• meghancward

      Ruth, if Facebook is irrelevant for marketing books – what IS relevant for marketing books? Blogs? Twitter? Google+? I'm curious to hear what works for you.

      I emailed my friend's friend to try to get details about what he got out of promoting his posts, but he didn't seem eager to share info. So maybe it didn't help book sales in his case. I wrote a post about whether social media sells books a while back, and the consensus seemed to be "Yes, some, but not a ton." I imagine results vary widely, however.

      • annerallen

        I'm definitely going to be paying more attention to Google+. I think I've been wasting too much time on FB. Twitter has had the most concrete benefits for me. It's got me sales and reviews. But I think all social media is about getting your name out there, not directly selling books. Anywhere you can make real human connections will work better than places you use for billboard-type advertising.

  • Ruth Harris

    Meghan, Thanks for this. Just confirms my feeling that FB is a bit scummy/scammy. That's why I never signed up. Just call me a FB drop out—except that I never dropped in. lol

    • meghancward

      Ruth, do you use Google+? I wonder if that's going to gain in popularity now that FB is charging to promote posts.

      • Ruth Harris

        Meghan, I don't use Google+ either. They keep bugging me to join but I keep resisting. Do you/will you move to G+? I have my doubts about selling/marketing via sites with zillions of users. Am I wrong? It wouldn't be the first time. What do you think?

        • meghancward

          Ruth, I'm on Google+ (and I know Anne is, too), but I don't spend much time there. I mostly just repost what I put on FB there for people who aren't on FB and for the people on FB who will never see my posts! Also, Google+ posts show up in Google searches, so that's an added benefit. I just don't have time to spend time developing a community on every social network!

    • m++

      It's funny, MySpace was huge, and got there by being scummy/scammy. Eventually it was done in by a clean and people-centric Facebook… Monetizing such sites has got to be hard, so they are going to experiment until something clicks. I have a feeling the $7 personal promote is not going to be the final answer…

  • daviskho

    I would NEVER pay to promote anything personal of mine, but I have definitely considered a $5 to promote a post on my MM fan page to garner more views (and hopefully more fans.) Haven't pulled the trigger yet but I'm sure it's just a matter of time – I'll consider it a test and report back…

    • meghancward

      What seems worthwhile, Nancy, is that you can promote not only to your own friends but to THEIR friends. That must be how the author my friend mentions in the quote above got 100 more likes.

  • I've thought of testing the promotion option from my business page, but really can't see the sense in it. I have other means of social networking. As for personal. NO. I don't think I'd ever promote a personal status. That's just ridiculous!

    People should see your posts if they have chosen to stay in touch with you. That's it. If they don't like what you're posting, they can unfriend, unsubscribe or block you.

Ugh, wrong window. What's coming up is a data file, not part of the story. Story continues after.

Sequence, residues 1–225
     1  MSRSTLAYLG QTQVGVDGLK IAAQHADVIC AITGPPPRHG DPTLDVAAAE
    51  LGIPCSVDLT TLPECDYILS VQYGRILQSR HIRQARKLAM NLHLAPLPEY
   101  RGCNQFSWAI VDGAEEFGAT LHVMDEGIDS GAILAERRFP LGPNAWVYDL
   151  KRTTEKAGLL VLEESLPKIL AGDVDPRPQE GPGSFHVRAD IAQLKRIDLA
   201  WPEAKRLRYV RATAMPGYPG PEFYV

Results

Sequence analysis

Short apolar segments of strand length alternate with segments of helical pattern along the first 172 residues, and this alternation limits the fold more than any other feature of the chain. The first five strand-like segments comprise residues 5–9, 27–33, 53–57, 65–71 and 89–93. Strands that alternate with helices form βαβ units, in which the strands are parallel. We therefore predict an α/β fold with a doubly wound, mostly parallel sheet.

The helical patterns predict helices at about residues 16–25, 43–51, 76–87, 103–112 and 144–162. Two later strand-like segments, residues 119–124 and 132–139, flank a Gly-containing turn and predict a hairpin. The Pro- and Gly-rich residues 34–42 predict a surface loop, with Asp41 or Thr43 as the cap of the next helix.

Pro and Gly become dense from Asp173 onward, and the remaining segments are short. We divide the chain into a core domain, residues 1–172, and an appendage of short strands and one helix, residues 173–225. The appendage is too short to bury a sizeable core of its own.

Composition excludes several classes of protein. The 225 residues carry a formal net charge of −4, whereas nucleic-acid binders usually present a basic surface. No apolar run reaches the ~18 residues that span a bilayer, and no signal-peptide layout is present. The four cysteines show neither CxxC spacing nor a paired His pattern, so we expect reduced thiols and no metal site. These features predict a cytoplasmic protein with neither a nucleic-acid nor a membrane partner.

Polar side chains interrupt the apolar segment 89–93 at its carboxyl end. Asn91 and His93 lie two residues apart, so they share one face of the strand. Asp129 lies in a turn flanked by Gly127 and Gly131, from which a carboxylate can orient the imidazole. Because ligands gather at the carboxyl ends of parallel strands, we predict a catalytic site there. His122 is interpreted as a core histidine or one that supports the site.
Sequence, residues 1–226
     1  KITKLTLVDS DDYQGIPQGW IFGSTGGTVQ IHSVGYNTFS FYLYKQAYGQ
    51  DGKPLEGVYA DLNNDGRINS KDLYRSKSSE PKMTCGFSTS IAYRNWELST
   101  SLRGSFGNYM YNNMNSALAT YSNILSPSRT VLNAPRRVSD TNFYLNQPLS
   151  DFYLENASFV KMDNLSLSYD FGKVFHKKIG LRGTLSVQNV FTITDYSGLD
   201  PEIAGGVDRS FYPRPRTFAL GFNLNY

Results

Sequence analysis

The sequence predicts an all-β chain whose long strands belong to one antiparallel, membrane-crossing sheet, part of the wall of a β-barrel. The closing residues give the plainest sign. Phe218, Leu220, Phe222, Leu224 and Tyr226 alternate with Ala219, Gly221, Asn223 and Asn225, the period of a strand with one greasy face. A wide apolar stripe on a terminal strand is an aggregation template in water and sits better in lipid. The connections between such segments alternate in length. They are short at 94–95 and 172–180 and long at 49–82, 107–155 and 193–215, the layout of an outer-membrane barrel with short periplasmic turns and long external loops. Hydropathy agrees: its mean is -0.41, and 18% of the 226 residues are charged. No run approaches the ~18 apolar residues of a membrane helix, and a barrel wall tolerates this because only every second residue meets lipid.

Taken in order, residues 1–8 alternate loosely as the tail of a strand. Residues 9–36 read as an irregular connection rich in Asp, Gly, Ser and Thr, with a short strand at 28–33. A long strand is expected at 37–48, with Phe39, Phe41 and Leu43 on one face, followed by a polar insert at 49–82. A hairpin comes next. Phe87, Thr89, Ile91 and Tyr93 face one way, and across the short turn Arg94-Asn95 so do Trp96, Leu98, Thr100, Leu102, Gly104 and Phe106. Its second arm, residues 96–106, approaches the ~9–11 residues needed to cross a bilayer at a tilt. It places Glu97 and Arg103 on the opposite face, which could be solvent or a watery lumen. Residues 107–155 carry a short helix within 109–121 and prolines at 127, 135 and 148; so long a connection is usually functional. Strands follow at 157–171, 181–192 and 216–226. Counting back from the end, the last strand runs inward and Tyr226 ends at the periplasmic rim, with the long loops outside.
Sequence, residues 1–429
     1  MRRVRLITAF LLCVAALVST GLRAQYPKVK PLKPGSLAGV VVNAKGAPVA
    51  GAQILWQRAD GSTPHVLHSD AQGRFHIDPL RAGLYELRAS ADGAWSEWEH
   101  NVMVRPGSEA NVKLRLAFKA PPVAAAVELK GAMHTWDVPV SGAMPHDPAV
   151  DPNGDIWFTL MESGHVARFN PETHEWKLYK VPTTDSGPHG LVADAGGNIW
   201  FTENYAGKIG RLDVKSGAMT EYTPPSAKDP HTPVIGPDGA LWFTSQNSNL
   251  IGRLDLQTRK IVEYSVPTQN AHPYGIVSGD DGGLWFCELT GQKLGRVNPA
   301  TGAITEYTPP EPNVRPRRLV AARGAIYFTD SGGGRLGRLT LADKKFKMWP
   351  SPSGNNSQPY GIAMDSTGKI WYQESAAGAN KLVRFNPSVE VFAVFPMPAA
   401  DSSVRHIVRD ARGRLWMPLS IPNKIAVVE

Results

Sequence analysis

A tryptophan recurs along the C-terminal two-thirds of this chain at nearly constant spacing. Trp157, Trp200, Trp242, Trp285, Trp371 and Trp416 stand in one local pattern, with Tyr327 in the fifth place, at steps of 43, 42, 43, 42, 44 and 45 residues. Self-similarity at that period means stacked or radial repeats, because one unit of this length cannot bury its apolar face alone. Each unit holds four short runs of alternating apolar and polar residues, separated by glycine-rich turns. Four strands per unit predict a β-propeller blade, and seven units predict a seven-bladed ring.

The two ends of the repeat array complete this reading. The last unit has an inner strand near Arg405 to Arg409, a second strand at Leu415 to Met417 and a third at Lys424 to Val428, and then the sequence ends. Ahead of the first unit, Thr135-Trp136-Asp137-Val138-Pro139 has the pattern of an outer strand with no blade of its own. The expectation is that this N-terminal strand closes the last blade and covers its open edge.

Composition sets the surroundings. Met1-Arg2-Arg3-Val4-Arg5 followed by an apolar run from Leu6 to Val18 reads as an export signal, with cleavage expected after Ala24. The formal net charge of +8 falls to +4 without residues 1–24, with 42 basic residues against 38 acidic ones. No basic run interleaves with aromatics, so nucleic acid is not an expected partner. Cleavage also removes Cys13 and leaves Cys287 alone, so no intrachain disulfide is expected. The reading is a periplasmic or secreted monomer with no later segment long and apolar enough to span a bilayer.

• meghancward

      Ryan, but unless you switch your news feed from "Top Stories" (the default) to "Most Recent," you DON'T see most of your friends' posts. I had a friend mention his wedding, and I said, "WHAT WEDDING?" And he said, "Oh, you didn't see that I got engaged? I posted it on Facebook." Uh, no. Don't rely on Facebook to spread important news like that to your friends because most people will NOT see it. And that doesn't mean they don't care about you. It just means it didn't show up in their feed, or they didn't check Facebook for a couple of days.

  • lexacain

    Pay-to-play sounds like a great idea … for Facebook. I've never understood the whole FB phenomenon (or Twitter for that matter), and I guess I never will. People are just over-promoting themselves and starting to sound whiny and desperate.

    • meghancward

      Well, Facebook does need to make money somehow, and their ads don't seem to be working. But yes, pay-to-play is a huge turn-off for many people. I imagine Google+ can keep its service free because Google makes so much money through ads. One great advantage about posting on Google+, by the way, is that its posts show up in Google searches, unlike Facebook posts and tweets.

  • Facebook likes should ideally turn into conversations, and that's what the great thing about Facebook is: it's a way of encouraging discourse. Unfortunately, it seems that paying to talk is yet another of those icky ways companies are trying to measure the effect of social media. I disagree that you can truly measure things like that because it's all such a case-by-case situation.

    So, for businesses, I think paying is pretty worthless. If you have to pay to get people to talk to you, then you've defeated the whole point of social media for your business.

    • meghancward

      Well, but it's difficult to talk to each other if your message isn't getting sent. I's like you're picking up a dead phone and talking and no one can hear you. Or you're writing letters and they're not getting sent because you didn't pay the postage. Facebook is saying, "Time to pay your phone bill. Time to buy some stamps." I'm not saying I agree with it, but the only other option is to use a different social network (like Google+ or Twitter). Otherwise you don't have much choice but to pay to get your message out there – whatever that may be.

  • Secondary students are taught structured essay formats to improve their writing skills, and admission essays are often used by universities in selecting applicants and, in the humanities and social sciences, as a way of assessing the performance of students during final exams. Thanks.

  • I just read Facebook: Will You Pay To Play? Writerland, but I’m not sure where to go next.

  • These look so lovely — those berries are gorgeous! I hope you continue to feel a little bit better each day. Thinking of you!

Leave a Reply

  

  

  

You can use these HTML tags

<a href="" title=""> <abbr title=""> <acronym title=""> <b> <blockquote cite=""> <cite> <code> <del datetime=""> <em> <i> <q cite=""> <strike> <strong>